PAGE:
Friday, January 3, 2014

Leadership Principle: Deal with Anger by Removing Your Buttons!

Undoubtedly, all of us have one individual who likes to "push our buttons." We walk into out office first thing in the morning and notice that the voice-mail light on our phone is flashing, and a sudden feeling of foreboding  overcomes us. Most of our difficult days seem to begin with the flashing voice-mail button, so there is no excitement in pushing the buttons to hear the message that awaits. Once we do, the voice of that one person who seems to bring out the worst in us, bursts into our hearing, and we can feel the tightness, the anger arising with that thought, "Oh know, here we go again."

This incident illustrates so well what happens to us in our roles as administrators. We all have those individuals who, because of our history with them, "push our buttons" and have the power to turn our perfectly good day to bad, sometimes with just the sound of their voice. These people inhabit our lives just by the very nature of our being leaders. Unlike many of those who work in our buildings, we can't pass the buck and say,"This is above our pay grade." We have to face the music. We have no choice but deal with the person head on. Besides, is it a courageous act of leadership to just pass the  buck to someone else?

What if, though, we could find a way to do what Buddhist teacher Thubten Chodron describes as a process of "Removing Our Buttons?" She writes:
"Rather than acting according to our habitual pattern of blaming others for our anger, we can note that our buttons are being pushed depends on two factors: other's actions and our having buttons. If we remove our buttons, there won't be anything for others to push."
How novel a concept! I personally never thought we could "remove our buttons." I have long thought our buttons are our buttons and we just have to live with them. The truth is, that is simply not true. At the heart of living peacefully is being able to remove those triggers in our lives that bring about automatic and habitual anger. We can do that, and as school leaders, unless we want to live under the power of others by giving them "buttons to push," we can do so simply. According to Thubten Chodron, our removal of these buttons is simply removing our "automatic and habitual responses that so often get us tangled in cycles of anger and conflict with others." It really is that anger that sometimes gets us into trouble; it's our reactions that complicate our problems.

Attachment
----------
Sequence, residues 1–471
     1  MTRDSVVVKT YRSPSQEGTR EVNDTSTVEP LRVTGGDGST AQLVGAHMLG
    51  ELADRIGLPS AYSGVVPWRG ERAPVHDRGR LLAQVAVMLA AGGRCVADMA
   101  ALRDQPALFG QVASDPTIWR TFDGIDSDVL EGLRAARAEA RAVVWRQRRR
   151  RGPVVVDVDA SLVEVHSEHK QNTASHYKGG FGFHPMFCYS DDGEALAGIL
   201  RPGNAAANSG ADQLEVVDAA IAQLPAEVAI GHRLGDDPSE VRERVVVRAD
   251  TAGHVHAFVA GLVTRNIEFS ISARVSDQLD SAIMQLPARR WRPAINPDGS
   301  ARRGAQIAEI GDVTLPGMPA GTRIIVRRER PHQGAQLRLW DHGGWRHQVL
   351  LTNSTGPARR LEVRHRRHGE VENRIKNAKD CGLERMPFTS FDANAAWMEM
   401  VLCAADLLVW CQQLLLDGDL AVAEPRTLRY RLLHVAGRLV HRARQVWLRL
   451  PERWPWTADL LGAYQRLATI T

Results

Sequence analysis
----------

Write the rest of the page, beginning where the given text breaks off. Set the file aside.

So, how do we get rid of our buttons? How do we remove those automatic reactions to the flashing light of our voice-mail? Well, one way we don't is by suppressing and telling our selves we have no right to be angry. How we begin to get rid of the anger is almost so simple, we can't but think, "Why didn't I think of that in the first place!" It really is simple. We do the following:

  • We acknowledge and accept that anger when it appears. We give ourselves permission to feel the anger. Permission doesn't mean we take rash action; it means we let the anger be inside of ourselves. Whoever said you can't pause and just let ourselves feel the anger? There is no law that demands we act on our anger.
  • Then we simply recognize that the anger is temporary. It does not ever last forever, that's why we were told when young to sometimes sleep on things. Distance in time allows anger to dissolve.
By giving ourselves permission to be angry instead of resisting, we will often find that they anger simply goes away. By pausing and avoiding reacting to our anger, we do, in effect, remove "our buttons." How frustrating it can be for someone who wants to push your buttons, and that they can't find any to push. How's that for Friday leadership wisdom?

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